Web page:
Property Owner Rights & Electric Power Easements

By Anna Assad

An easement is an agreement that allows one party to use the property or land of another party for the specific purpose stated in the easement itself. Electric power easements are agreements between a landowner and a utility company that allow the company to use part of the owner's land for activities and equipment related to providing electricity. However, the landowner does have some rights regarding the use of his land for easement activities, and he keeps ownership of the easement area on his property.

An easement is an agreement that allows one party to use the property or land of another party for the specific purpose stated in the easement itself. Electric power easements are agreements between a landowner and a utility company that allow the company to use part of the owner's land for activities and equipment related to providing electricity. However, the landowner does have some rights regarding the use of his land for easement activities, and he keeps ownership of the easement area on his property.

Creation and Features

An easement is created once the easement agreement is filed in the land records of the property's county. The agreement lists the current owner as the grantor, or giver, of the easement, with the power company shown as the recipient. An easement agreement includes a description of the property and the easement area, with the easement area being that part of the property affected by the agreement. The description might be words that describe the property's measurements or some other identifying reference, such as the recording information for the grantor's land deed, the property tax account number or the street address.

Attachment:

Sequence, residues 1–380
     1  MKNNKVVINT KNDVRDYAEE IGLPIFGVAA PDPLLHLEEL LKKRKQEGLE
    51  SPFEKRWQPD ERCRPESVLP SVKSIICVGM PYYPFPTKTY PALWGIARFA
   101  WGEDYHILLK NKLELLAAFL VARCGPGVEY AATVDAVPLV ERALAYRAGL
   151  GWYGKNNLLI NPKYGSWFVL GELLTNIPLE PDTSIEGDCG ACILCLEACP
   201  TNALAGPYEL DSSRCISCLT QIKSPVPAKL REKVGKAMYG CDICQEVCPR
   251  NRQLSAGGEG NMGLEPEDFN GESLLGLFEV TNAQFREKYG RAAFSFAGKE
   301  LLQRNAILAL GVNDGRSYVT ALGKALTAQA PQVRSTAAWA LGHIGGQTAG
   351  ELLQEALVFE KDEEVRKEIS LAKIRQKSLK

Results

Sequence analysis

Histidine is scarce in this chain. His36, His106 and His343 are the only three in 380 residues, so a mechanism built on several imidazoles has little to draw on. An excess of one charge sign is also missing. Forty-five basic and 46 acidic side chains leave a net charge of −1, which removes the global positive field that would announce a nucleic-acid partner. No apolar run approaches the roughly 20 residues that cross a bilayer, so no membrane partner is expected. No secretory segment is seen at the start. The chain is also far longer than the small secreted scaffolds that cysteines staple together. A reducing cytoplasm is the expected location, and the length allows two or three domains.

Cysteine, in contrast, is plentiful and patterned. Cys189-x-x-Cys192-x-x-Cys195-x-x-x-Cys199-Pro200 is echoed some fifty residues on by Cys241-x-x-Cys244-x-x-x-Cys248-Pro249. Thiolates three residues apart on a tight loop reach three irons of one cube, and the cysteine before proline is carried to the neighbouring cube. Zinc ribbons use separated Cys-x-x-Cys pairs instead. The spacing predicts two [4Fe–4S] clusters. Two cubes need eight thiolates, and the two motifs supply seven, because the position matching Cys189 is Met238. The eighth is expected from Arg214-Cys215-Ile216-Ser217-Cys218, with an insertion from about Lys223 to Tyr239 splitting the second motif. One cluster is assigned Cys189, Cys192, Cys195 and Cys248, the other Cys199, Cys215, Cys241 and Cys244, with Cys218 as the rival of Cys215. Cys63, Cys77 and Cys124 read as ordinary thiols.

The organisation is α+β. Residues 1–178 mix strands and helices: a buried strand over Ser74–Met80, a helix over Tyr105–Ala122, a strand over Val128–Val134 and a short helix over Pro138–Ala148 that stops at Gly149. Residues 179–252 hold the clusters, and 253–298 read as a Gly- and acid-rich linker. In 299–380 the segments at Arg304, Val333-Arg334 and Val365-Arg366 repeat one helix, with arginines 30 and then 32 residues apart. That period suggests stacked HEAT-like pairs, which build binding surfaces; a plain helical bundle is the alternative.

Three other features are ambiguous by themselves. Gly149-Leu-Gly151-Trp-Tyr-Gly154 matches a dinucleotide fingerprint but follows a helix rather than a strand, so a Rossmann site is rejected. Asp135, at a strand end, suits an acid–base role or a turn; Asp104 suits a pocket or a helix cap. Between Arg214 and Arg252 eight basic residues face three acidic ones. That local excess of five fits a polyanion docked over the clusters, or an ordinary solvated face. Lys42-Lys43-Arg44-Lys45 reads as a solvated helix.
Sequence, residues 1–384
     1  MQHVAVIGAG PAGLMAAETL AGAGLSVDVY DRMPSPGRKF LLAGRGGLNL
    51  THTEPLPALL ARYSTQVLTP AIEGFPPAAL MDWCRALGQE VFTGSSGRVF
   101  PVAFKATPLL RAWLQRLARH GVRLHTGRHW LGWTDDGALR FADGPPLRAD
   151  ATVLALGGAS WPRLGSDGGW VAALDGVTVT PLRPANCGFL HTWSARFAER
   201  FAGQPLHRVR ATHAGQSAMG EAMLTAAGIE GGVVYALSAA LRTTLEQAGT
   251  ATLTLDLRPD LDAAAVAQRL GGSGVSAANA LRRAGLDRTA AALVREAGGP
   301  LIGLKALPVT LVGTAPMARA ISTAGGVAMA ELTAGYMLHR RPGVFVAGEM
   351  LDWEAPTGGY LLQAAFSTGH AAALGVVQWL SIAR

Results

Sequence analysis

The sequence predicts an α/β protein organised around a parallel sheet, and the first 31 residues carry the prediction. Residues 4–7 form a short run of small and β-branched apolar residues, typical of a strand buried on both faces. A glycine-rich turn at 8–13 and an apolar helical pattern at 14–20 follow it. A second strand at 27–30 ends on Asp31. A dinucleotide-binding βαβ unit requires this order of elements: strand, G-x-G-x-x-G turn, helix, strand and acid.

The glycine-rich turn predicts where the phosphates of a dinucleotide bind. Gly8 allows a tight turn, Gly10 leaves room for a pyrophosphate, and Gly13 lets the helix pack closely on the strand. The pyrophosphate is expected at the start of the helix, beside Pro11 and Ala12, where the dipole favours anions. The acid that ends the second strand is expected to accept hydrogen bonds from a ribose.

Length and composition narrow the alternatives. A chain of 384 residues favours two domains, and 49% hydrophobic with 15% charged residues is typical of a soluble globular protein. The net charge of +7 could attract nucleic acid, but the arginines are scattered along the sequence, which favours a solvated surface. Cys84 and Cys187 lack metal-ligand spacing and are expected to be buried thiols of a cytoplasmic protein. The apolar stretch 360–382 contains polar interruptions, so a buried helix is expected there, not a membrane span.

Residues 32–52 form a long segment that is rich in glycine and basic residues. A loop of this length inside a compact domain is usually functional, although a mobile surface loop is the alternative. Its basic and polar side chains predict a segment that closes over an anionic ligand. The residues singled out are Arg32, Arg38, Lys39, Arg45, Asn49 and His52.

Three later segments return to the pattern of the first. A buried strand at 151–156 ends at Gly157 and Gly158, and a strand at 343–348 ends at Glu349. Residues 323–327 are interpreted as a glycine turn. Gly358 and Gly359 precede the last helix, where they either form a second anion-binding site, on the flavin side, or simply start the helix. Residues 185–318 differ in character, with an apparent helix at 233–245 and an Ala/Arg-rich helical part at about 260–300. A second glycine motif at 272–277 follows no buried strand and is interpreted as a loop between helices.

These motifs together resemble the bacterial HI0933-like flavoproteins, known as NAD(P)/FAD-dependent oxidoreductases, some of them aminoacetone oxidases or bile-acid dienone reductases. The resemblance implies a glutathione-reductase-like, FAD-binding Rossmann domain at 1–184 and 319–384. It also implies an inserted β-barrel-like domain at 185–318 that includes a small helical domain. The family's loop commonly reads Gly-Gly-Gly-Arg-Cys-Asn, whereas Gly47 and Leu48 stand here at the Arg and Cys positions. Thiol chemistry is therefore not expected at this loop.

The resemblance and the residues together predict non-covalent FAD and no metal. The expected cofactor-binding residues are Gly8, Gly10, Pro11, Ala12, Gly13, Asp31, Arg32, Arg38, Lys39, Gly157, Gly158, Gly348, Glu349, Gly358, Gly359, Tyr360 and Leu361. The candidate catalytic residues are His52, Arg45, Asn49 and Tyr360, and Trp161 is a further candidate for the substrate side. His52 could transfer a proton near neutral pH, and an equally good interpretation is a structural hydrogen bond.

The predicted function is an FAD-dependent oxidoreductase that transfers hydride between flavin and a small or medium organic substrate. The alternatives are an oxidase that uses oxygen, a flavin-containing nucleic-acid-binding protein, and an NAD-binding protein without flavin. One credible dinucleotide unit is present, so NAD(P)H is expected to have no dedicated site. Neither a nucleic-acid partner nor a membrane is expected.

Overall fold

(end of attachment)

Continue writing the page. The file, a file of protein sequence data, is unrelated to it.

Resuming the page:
Ready to start your LLC? Start an LLC Online Now

Terms

A section of the easement states the terms of the agreement, including who is responsible for damage to the owner's property and what type of damage might occur because of the easement. The terms list what repairs the power company will do at its own expense if the easement activity is the cause, as well as maintenance that might have to be done because of the easement. These terms give the property owner the right to hold the power company liable for easement-associated damage or maintenance needs, such as replanting worn grass, that the company didn't address. A property owner can request that the power company keep accident insurance for the easement area, as the owner can be held liable by others for accidents arising from the easement or on the easement area.

Considerations

Some easements are only temporary, with an end date or qualifying event given on the agreement. A qualifying event is usually the completion of the power company's project. Other agreements are permanent and "run with the land." This means each property owner after the grantor is subject to the easement and all its terms. An easement agreement is decided on through discussions between the power company and the property owner. The power company typically compensates the owner for the privilege, and both parties negotiate the terms of the easement and the compensation amount until an agreement is reached. If the grantor or any subsequent owner wishes to end the easement, he can ask the power company to release the land from the agreement.

Misconceptions